A tribute to the king of the surf guitar after his recent passing aged 81, hugely influential on Jimi Hendrix and other rock guitarists, the left-hander’s rock guitar style was shaped by his Lebanese background.
Dale, born Richard Monsour in Boston, Massachusetts, to a Lebanese father and a Polish-Belarusian mother, his was as much influenced by his uncle playing the oud and teaching him to to play the tarabaki drum and learning ukelele as watching on TV the pioneering British guitarist Hank Marvin of the Shadows. One of the key differences to other guitarists was how Dale introduced non-western scales into the instrument from his Arabic heritage. Inspired by Gene Krupa's jungle drum rhythms, Dale developed a percussive, heavy-bending style, using heavy-gauge strings to withstand it. Another key point in his career was meeting Leo Fender, visiting him in Balboa California, using and promoting his guitars, especially the Stratocaster, and amps that could cope with his voluminous power. Of course going to California also allowed him to learn to surf.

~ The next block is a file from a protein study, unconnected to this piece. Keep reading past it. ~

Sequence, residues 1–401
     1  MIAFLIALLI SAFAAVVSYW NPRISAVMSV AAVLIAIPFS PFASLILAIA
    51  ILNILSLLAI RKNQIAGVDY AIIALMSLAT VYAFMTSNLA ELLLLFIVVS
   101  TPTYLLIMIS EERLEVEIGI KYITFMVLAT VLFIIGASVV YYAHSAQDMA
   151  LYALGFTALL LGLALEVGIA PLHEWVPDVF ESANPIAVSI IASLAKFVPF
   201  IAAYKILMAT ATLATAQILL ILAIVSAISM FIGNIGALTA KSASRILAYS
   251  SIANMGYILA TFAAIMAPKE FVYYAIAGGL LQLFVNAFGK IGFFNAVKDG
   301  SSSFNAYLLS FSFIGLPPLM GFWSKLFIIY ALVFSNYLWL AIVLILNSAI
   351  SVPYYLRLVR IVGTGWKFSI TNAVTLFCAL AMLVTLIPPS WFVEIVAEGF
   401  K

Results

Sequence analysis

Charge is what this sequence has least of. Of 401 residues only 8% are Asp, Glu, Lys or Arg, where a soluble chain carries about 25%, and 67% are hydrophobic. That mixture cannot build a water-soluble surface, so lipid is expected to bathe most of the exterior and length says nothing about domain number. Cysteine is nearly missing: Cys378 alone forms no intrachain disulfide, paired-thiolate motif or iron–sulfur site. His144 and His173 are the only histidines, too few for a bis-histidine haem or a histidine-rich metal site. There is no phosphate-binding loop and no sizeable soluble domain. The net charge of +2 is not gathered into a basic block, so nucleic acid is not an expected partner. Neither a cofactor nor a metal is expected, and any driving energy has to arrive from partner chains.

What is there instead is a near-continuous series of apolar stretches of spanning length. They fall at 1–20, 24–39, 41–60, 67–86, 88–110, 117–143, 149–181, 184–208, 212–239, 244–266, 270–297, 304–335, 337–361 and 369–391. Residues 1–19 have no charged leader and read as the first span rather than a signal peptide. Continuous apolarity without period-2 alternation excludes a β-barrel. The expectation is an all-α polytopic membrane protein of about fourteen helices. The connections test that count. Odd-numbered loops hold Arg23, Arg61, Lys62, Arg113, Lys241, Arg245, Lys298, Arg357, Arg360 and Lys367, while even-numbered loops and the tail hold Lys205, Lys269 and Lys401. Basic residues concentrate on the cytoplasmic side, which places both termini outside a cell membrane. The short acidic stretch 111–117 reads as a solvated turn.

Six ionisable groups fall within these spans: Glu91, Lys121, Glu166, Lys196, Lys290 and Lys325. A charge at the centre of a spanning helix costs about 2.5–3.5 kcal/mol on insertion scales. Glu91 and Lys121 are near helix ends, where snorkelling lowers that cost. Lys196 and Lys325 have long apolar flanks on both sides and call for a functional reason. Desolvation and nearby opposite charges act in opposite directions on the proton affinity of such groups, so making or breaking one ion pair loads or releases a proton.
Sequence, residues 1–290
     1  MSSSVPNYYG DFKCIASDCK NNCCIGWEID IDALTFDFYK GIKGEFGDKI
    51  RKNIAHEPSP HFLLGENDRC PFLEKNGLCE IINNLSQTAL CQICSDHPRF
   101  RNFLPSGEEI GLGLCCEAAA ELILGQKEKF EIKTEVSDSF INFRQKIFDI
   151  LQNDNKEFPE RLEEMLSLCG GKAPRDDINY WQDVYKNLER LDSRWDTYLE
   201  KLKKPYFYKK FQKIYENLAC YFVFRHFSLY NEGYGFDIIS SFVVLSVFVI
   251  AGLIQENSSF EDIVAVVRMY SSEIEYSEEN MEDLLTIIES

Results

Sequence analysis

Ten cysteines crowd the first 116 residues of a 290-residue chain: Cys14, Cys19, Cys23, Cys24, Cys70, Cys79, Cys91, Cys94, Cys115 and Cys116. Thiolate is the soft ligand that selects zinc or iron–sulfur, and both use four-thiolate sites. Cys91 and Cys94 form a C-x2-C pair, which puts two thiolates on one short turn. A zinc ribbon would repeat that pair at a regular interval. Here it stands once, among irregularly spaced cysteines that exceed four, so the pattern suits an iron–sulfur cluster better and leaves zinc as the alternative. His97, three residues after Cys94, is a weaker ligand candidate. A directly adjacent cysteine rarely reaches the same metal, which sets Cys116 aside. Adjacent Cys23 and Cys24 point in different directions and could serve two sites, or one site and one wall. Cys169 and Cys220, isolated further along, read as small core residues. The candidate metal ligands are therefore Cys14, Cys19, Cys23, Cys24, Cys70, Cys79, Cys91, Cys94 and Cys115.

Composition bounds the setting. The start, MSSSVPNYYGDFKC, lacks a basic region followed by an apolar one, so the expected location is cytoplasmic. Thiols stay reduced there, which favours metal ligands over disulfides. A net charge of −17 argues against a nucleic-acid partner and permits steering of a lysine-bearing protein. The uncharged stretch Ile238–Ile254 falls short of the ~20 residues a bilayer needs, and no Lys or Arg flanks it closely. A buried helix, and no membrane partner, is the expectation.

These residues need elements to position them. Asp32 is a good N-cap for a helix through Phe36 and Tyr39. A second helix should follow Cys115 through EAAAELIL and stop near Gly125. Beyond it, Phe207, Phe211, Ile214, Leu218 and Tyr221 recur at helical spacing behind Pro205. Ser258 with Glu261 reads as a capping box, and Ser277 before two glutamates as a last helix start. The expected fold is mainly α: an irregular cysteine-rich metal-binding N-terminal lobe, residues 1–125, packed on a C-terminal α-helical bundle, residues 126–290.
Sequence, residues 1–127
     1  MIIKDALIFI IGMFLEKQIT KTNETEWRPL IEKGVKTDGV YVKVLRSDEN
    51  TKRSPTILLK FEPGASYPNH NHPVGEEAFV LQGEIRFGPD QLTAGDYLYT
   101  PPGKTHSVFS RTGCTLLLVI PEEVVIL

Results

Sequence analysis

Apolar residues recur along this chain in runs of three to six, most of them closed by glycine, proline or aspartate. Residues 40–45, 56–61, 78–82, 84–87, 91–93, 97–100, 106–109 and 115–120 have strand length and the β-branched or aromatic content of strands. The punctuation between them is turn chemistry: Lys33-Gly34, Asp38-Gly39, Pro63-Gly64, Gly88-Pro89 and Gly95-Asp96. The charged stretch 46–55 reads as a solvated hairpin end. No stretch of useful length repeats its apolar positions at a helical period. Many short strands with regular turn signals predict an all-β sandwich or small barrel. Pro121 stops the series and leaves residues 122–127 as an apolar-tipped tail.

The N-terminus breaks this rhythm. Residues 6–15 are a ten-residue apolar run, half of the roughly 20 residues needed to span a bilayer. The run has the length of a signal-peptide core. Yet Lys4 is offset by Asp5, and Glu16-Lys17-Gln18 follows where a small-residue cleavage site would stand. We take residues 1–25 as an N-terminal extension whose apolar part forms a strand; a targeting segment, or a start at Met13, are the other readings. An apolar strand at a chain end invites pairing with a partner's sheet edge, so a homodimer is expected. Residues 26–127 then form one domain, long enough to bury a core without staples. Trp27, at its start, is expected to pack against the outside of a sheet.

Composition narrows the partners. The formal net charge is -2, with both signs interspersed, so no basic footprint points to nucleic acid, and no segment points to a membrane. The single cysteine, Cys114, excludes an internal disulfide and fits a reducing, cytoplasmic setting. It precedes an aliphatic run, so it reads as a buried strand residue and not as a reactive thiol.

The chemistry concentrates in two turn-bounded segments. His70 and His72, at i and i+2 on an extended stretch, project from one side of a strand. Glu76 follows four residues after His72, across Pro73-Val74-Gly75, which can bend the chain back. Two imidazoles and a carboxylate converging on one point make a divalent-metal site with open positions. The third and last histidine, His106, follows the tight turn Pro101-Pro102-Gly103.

Let’s Go Trippin’ from 1961, played with his band, the Del-Tones, is regarded as the official first surf guitar single, and Misirlou, also spelled Miserlou from 1962, is his most famous track. Dale was dropped by Capitol Records in 1965, then his career revived somewhat in the 1980s, but Misirlou brought him back to wide acclaim when it was used to open the soundtrack to Quentin Tarantino’s film Pulp Fiction in 1994. It has fascinating origins. Previously we also looked at that track and its many other, Arab-origin versions here.
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